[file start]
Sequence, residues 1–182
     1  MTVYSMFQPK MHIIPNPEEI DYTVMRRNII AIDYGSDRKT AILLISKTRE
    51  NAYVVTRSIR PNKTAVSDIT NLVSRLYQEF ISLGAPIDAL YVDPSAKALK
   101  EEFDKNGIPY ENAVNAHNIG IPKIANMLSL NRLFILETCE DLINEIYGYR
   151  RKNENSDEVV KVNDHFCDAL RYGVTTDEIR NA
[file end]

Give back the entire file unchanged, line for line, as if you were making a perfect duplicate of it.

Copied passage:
Sequence, residues 1–182
     1  MTVYSMFQPK MHIIPNPEEI DYTVMRRNII AIDYGSDRKT AILLISKTRE
    51  NAYVVTRSIR PNKTAVSDIT NLVSRLYQEF ISLGAPIDAL YVDPSAKALK
   101  EEFDKNGIPY ENAVNAHNIG IPKIANMLSL NRLFILETCE DLINEIYGYR
   151  RKNENSDEVV KVNDHFCDAL RYGVTTDEIR NA